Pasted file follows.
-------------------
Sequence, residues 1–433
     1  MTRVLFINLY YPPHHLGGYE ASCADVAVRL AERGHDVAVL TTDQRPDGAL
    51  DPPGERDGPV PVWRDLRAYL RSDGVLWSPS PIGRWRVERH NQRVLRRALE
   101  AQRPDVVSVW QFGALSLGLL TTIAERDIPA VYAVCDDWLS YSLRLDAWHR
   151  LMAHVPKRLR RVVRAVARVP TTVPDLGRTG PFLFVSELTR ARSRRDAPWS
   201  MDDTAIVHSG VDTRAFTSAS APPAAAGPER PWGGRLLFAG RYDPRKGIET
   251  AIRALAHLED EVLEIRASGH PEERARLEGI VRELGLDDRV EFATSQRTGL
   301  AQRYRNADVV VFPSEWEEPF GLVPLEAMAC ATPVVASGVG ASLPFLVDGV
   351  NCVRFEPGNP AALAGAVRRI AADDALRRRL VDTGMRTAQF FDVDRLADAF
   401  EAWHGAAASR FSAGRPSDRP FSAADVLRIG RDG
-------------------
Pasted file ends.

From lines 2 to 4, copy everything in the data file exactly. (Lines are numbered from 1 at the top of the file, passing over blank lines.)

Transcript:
     1  MTRVLFINLY YPPHHLGGYE ASCADVAVRL AERGHDVAVL TTDQRPDGAL
    51  DPPGERDGPV PVWRDLRAYL RSDGVLWSPS PIGRWRVERH NQRVLRRALE
   101  AQRPDVVSVW QFGALSLGLL TTIAERDIPA VYAVCDDWLS YSLRLDAWHR